Providers regularly ask whether I’ve fallen in the last 30 days. Last year a nurse insisted that everyone on the floor was considered a fall risk, handing me bright yellow slipper socks with tread on both sides and wrapping a band of the same color around my wrist. Since then my dismissal of this particular question has become increasingly emphatic. I take pride in my ability to extricate myself from lengths of oxygen tubing more gracefully than the average geriatric patient.
Having procrastinated on blogging, today I can affirm I have not fallen in the last 30 days. It has been 47 days since my last fall, and oxygen tubing is inculpable. I tripped on uneven concrete walking in flip-flops intended to make changing into my indoor rock climbing shoes less of a hassle. I fractured a bone in my right palm and had to wear a splint.
I felt particularly unfocused in the weeks leading up to my fall (probably a contributing factor in retrospect). Performing tasks with one hand instead of two slowed me down and made me more mindful. My morning breakfast routine involves a bowl, a box of Cheerios, a banana, a knife, a spoon, and a quart of milk. I had to retrieve each item individually and arrange them on my dining room table for proper combination.
While I’ve experienced astounding benefits from getting my body moving early and often, I’m finding it equally important to make time for stillness. Prednisone makes my hands shake, increases my anxiety and gives me bursts of manic energy. Unwilling to stop moving my feet, even with a camera in hand, I missed opportunities to capture beauty—hours glued to Adobe Lightroom revealed shots marred by motion blur, compositions one permutation away from success. Photographer Minor White famously urges,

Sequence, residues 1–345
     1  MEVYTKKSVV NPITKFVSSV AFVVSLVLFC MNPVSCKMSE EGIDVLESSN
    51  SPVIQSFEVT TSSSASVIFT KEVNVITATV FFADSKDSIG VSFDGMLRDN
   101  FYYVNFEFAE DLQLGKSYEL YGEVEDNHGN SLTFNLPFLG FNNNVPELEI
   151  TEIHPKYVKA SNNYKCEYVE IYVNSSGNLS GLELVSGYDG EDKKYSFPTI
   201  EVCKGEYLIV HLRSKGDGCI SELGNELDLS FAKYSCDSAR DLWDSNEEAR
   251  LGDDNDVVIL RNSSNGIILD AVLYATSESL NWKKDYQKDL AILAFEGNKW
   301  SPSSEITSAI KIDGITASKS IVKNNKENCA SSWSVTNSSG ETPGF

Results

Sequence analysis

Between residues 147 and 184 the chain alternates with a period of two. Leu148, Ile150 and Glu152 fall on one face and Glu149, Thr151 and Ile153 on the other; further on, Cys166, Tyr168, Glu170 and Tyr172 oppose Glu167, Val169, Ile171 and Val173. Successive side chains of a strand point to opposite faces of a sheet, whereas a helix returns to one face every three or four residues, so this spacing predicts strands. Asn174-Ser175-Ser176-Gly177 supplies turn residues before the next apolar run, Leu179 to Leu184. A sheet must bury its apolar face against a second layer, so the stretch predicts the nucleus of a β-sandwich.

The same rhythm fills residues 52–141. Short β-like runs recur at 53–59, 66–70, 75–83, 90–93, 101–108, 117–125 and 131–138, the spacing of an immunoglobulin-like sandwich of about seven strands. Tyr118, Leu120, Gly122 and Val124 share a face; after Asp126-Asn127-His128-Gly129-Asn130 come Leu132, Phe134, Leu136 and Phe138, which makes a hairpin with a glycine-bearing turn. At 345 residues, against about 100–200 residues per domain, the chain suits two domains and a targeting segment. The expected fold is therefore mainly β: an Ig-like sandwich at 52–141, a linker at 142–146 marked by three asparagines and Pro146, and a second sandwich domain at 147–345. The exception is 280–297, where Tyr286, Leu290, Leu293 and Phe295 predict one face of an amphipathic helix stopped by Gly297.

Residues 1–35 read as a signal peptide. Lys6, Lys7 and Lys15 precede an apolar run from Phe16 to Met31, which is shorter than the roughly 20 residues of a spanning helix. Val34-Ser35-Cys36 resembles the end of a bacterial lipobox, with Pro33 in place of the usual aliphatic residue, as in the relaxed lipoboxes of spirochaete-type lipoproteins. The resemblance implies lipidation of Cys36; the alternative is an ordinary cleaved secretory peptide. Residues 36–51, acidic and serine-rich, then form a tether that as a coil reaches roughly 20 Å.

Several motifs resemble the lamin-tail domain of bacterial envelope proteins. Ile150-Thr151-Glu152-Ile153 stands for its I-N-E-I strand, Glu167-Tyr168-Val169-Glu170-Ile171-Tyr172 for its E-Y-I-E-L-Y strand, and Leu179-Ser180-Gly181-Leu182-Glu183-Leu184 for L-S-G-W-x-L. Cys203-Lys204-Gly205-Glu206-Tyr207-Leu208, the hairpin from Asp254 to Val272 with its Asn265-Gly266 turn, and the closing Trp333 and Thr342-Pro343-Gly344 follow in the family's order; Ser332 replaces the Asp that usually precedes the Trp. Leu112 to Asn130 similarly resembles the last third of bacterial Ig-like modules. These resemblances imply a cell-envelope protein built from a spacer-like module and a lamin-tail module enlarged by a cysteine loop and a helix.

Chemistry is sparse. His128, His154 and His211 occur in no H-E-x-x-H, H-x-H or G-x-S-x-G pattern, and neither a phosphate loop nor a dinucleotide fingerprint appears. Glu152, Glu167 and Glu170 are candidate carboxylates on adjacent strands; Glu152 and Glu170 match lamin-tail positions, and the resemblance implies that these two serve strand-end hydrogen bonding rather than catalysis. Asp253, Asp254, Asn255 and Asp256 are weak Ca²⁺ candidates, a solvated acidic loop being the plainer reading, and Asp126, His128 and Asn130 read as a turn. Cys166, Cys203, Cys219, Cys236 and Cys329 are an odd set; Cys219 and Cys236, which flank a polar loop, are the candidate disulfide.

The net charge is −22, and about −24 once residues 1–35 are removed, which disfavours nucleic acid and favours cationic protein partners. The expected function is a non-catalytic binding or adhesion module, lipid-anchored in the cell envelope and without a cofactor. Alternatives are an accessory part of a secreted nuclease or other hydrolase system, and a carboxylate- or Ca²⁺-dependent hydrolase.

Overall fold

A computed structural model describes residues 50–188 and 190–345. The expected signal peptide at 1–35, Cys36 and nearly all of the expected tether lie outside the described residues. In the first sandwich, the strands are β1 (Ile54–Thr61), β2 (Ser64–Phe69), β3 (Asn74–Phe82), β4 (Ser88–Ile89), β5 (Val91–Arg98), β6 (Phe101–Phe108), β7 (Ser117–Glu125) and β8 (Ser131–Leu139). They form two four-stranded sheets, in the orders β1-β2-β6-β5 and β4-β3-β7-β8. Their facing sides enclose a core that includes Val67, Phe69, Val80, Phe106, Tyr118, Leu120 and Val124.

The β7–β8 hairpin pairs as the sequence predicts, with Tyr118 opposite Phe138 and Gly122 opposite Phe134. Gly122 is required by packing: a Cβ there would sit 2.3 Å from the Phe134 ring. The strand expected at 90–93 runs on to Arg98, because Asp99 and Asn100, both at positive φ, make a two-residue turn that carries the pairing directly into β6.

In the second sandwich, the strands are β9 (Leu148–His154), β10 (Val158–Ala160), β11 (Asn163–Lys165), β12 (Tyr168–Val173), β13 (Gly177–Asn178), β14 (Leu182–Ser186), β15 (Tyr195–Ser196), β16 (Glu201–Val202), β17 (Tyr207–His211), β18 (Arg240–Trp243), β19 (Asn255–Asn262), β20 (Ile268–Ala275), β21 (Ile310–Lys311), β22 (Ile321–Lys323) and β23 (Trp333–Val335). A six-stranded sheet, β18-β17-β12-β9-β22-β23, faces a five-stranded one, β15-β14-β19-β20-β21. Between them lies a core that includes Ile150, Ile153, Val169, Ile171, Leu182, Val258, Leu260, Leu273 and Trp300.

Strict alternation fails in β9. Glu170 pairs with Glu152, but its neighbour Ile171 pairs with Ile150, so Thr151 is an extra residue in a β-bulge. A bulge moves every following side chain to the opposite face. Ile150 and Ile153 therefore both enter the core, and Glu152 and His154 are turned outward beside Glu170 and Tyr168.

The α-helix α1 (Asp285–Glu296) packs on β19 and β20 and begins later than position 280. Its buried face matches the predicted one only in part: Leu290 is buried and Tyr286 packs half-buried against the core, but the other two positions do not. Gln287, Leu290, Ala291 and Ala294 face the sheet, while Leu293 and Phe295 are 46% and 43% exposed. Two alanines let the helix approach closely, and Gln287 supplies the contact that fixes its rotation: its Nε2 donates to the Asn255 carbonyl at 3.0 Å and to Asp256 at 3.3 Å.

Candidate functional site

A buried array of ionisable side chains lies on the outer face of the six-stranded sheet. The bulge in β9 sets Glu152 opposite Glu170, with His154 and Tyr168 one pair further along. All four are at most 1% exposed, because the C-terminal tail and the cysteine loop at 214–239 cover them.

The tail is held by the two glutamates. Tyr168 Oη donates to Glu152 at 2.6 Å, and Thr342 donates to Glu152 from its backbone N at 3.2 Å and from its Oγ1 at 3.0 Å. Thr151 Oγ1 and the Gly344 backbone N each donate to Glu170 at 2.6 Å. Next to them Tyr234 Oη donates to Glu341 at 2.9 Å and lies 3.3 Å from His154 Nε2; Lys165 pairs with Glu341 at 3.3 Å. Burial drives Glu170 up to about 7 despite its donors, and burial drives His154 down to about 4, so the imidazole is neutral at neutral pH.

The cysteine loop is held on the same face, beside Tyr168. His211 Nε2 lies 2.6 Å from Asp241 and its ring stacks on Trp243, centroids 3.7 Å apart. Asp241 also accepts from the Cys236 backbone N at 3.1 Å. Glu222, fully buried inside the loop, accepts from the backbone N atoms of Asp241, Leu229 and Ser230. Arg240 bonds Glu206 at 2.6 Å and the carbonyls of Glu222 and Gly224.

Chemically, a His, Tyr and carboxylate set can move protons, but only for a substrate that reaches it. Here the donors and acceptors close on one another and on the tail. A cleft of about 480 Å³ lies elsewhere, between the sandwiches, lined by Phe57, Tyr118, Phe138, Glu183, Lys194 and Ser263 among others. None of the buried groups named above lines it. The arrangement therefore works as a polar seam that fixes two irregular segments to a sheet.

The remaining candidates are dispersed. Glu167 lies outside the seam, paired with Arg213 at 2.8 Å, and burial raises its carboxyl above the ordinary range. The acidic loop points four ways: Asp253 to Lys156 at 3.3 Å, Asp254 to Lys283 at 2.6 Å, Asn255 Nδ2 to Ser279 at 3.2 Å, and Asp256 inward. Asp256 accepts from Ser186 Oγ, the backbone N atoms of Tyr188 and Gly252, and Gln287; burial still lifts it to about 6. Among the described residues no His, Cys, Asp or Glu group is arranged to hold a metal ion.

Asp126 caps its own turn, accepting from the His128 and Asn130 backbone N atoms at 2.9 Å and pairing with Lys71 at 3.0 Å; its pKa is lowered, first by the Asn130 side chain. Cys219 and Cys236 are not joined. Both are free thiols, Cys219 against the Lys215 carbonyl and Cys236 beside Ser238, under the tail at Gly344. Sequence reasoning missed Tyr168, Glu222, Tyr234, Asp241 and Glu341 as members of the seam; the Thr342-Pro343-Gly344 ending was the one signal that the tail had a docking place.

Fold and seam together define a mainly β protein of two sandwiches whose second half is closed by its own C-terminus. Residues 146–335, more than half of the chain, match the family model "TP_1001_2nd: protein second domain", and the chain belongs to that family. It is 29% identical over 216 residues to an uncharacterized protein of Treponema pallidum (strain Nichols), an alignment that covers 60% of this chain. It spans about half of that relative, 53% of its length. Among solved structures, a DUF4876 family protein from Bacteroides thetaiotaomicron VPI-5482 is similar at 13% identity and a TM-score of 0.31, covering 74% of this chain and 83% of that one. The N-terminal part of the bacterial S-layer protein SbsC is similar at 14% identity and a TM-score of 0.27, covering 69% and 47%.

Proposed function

When you approach something to photograph it, first be still with yourself until the object of your attention affirms your presence. Then don’t leave until you have captured its essence.
Since I normally swing my camera body around in my right hand, I thought I’d have to stop taking photos entirely while my hand was splinted. Instead, I used my left hand to hold the camera and two right-hand fingers for pressing buttons and turning dials. Each shot took time and effort, forcing me to pay attention to what I included in the frame.
During a portrait session, I strive to make my client feel comfortable with me and my camera. A lot of people, myself included, are intimidated by a giant lens pointed straight at them. The moment I know I am being recorded, my face and limbs stop behaving naturally. If I can get my subject to relax and forget about the camera for a moment, I can take a photo that captures genuine emotions. In order for them to be calm in front of my lens, I need to be calm behind it.
The factors that make me impatient in the aftermath of my operation are not all chemical. Long-term goal setting has always been tenuous in my chronically ill state. I’m struggling to convince myself that making the most of my second chance at life does not mean being in the greatest number of places in the shortest amount of time possible. While I don’t want to lose my reverence for the gift of life, I want to find stability and allow for relaxation. I do not have to accomplish everything today—just some of the things. The challenge is living every day like it’s my last without being completely panicked that it actually is my last.